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http://dx.doi.org/10.1007/s00294-015-0507-9DOI Listing
February 2016

Homogeneous acylation of xylan with 3,5-dinitrobenzoyl in ionic liquid and the adsorption property.

Carbohydr Polym 2015 Sep 15;128:105-11. Epub 2015 Apr 15.

Biomaterials Research Center, Guangzhou Sugarcane Industry Research Institute, Guangzhou, China.

A new xylan ester (xylan 3,5-dinitrobenzoate) as a creatinine adsorbent was prepared by the homogeneous acylation of xylan with 3,5-dinitrobenzoyl chloride in 1-butul-3-methylimidazolium chloride ionic liquid. The influences of reaction conditions on the degree of substitution values of xylan esters were discussed. Results indicated that xylan esters with the degree of substitution range from 1.34 to 1.77 were obtained under the given conditions. The FTIR and (13)C NMR spectroscopies provided the evidence of grafting 3,5-dinitrobenzoyl groups onto the backbone of xylan. Moreover, the adsorption properties of the xylan ester for creatinine were also investigated. Isotherm studies showed that the sorption capacities for creatinine were 2.45, 2.08 and 1.86 mg/g for 23, 30 and 37 °C, respectively. Thermodynamic studies performed indicated the sorption process mainly was controlled by the chemical adsorption. Therefore, xylan 3,5-dinitrobenzoate displayed the promising application in the treatment of chronic renal failure by the creatinine adsorption as the new oral adsorbent.
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http://dx.doi.org/10.1016/j.carbpol.2015.04.006DOI Listing
September 2015

The complete mitochondrial genome of Rondotia menciana (Lepidoptera: Bombycidae).

J Insect Sci 2015 16;15. Epub 2015 Apr 16.

The Key Sericultural Laboratory of Shaanxi, Ankang University, Ankang, Shaanxi 725099, People's Republic of China.

The mulberry white caterpillar, Rondotia menciana Moore (Lepidoptera: Bombycidae) is a species with closest relationship with Bombyx mori and Bombyx mandarina, and the genetic information of R. menciana is important for understanding the diversity of the Bombycidae. In this study, the mitochondrial genome (mitogenome) of R. menciana was amplified by polymerase chain reaction and sequenced. The mitogenome of R. menciana was determined to be 15,301 bp, including 13 protein-coding genes (PCGs), 2 ribosomal RNA genes, 22 transfer RNA genes, and an AT-rich region. The A+T content (78.87%) was lower than that observed for other Bombycidae insects. All PCGs were initiated by ATN codons and terminated with the canonical stop codons, except for coxII, which was terminated by a single T. All the tRNA genes displayed a typical clover-leaf structure of mitochondrial tRNA. The length of AT-rich region (360 bp) of R. menciana mitogenome is shorter than that of other Bombycidae species. Phylogenetic analysis showed that the R. menciana was clustered on one branch with B. mori and B. mandarina from Bombycidae.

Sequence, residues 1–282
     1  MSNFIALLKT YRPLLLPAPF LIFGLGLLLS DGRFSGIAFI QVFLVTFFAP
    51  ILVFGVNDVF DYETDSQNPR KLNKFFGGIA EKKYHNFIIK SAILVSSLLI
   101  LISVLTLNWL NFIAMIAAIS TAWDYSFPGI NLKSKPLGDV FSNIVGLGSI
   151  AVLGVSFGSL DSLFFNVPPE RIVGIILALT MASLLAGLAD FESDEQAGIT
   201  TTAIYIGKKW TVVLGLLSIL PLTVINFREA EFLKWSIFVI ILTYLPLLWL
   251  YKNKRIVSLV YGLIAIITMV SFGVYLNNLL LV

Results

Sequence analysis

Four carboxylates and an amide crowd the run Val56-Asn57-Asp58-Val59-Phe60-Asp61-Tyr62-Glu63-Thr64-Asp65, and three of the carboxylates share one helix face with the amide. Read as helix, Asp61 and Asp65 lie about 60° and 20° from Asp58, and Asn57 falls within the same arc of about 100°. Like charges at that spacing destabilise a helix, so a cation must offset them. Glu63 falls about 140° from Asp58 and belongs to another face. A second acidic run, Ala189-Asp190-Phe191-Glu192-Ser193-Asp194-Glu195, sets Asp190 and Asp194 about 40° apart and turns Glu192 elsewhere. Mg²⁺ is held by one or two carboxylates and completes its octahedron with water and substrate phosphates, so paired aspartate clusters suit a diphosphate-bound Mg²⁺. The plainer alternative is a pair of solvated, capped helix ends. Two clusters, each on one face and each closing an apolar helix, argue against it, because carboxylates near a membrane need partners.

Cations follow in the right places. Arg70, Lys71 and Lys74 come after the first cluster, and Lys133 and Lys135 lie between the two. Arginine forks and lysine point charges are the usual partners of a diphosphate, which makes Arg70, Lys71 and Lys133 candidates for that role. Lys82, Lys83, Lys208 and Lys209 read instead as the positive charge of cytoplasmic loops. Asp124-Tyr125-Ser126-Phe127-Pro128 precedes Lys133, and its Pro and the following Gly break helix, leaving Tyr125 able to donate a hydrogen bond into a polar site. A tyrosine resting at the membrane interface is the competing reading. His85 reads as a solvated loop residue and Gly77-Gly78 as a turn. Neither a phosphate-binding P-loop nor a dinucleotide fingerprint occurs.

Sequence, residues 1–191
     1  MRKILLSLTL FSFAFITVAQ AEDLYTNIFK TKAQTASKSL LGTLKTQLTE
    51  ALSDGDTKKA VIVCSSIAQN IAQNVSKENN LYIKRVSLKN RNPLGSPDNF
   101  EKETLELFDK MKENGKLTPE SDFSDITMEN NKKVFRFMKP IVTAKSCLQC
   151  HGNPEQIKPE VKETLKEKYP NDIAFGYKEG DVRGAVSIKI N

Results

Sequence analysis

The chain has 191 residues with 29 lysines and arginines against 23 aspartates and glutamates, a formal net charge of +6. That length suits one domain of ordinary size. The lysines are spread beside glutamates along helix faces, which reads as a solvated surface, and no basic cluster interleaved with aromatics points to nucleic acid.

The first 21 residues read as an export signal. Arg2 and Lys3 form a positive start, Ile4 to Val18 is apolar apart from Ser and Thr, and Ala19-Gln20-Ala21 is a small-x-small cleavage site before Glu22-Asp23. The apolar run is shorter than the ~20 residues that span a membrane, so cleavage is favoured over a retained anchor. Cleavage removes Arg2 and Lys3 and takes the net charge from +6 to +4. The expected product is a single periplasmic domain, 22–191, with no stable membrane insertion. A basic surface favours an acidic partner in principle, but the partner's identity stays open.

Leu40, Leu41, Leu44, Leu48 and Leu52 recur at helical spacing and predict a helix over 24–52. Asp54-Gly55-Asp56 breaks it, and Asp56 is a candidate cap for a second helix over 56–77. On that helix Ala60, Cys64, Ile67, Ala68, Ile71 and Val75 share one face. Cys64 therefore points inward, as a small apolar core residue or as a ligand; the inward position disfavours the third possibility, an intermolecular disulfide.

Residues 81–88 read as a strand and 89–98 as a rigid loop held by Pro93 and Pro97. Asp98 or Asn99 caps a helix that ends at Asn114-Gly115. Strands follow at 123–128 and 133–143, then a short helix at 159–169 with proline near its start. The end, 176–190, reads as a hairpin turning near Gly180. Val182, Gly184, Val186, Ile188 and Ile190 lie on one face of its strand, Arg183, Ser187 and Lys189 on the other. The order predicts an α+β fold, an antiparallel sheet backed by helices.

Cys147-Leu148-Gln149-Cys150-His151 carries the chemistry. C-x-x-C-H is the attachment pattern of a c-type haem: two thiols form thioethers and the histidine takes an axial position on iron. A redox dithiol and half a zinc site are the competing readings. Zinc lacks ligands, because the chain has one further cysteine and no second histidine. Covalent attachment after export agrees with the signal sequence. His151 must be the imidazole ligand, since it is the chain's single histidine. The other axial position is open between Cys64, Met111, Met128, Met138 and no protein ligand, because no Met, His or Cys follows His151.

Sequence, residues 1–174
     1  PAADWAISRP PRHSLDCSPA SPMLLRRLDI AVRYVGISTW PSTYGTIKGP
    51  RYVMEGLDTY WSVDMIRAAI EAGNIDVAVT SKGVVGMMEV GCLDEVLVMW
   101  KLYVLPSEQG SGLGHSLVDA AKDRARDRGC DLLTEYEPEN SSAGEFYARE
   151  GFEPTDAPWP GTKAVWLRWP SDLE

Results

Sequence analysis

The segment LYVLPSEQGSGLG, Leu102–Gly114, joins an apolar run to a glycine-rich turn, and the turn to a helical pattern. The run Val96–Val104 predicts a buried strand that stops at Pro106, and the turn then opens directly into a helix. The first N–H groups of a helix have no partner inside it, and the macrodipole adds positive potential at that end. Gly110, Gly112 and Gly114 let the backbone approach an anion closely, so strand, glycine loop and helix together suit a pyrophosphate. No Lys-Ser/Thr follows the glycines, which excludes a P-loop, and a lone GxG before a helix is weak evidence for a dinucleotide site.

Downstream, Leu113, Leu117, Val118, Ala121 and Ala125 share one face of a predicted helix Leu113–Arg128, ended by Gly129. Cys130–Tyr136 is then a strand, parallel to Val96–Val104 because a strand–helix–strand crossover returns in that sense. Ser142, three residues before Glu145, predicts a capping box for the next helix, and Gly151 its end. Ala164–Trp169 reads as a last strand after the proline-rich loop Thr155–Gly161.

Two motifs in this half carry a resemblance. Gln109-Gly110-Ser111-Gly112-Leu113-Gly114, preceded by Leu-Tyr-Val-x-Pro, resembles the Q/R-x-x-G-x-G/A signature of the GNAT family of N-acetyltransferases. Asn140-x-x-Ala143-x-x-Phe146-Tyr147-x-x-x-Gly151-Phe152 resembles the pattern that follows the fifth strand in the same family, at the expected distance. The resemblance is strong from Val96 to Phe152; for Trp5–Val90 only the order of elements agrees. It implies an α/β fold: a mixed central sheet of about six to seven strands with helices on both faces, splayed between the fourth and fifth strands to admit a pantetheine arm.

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http://dx.doi.org/10.1093/jisesa/iev032DOI Listing
http://www.ncbi.nlm.nih.gov/pmc/articles/PMC4535477PMC
January 2016

The complete chloroplast genome sequence of Premna microphylla Turcz.

Mitochondrial DNA A DNA Mapp Seq Anal 2016 11 28;27(6):4164-4165. Epub 2015 Jan 28.

a The Key Sericultural Laboratory of Shaanxi , Ankang University , Ankang , Shaanxi , PR China.

The complete nucleotide sequence of the Premna microphylla Turcz chloroplast (cp) genome was reported and characterized in this study. The cp genome is 155,293 bp in length, with 62.13% AT content. A pair of 25,763 bp inverted repeat regions (IR) are separated by 86,078 bp large single-copy regions (LSC) and a 17,689 bp small single-copy regions (SSC). The cp genome encodes 133 predicted functional genes, 115 are individual (80 protein-coding genes, 31 tRNA genes, four rRNA) genes, 18 are duplicated in the IR regions and ycf1 gene extends into the IR region in the junctions between IR and SSC. Of 115 individual genes, 16 genes contain one intron and two genes have two introns.
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http://dx.doi.org/10.3109/19401736.2014.1003894DOI Listing
November 2016

The complete mitochondrial genome of Diaphania pyloalis Walker (Lepidoptera: Crambidae).

Mitochondrial DNA A DNA Mapp Seq Anal 2016 11 28;27(6):4044-4045. Epub 2015 Jan 28.

a The Key Sericultural Laboratory of Shaanxi , Ankang University , Ankang , Shaanxi , PR China.

The complete mitochondrial genome (mitogenome) of Diaphania pyloalis Walker collected from China was reported and characterized. The mitogenome was 14,960 bp in length, including 13 protein-coding genes, 2 rRNA genes, 22 tRNA genes and 1 short A + T-rich region. The A + T content of the mitochondrial genome is 80.77%. All protein-coding genes were initiated by an ATN codon, except for coxI gene which is initiated by CGA. Only coxII gene was terminated with a single T. There are 13 overlaps totaling 52 bp, and 13 intergenic spacer regions totaling 121 bp in the D. pyloalis mitogenome. The short A + T-rich region is 67 bp long, with 91.04% A + T content.
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http://dx.doi.org/10.3109/19401736.2014.1003836DOI Listing
November 2016

Posterior internal fixation plus vertebral bone implantation under navigational aid for thoracolumbar fracture treatment.

Exp Ther Med 2013 Jul 29;6(1):152-158. Epub 2013 Apr 29.

Department of Orthopaedics, The Sixth People's Hospital of Shanghai, Shanghai Jiaotong University, Shanghai 200233, P.R. China.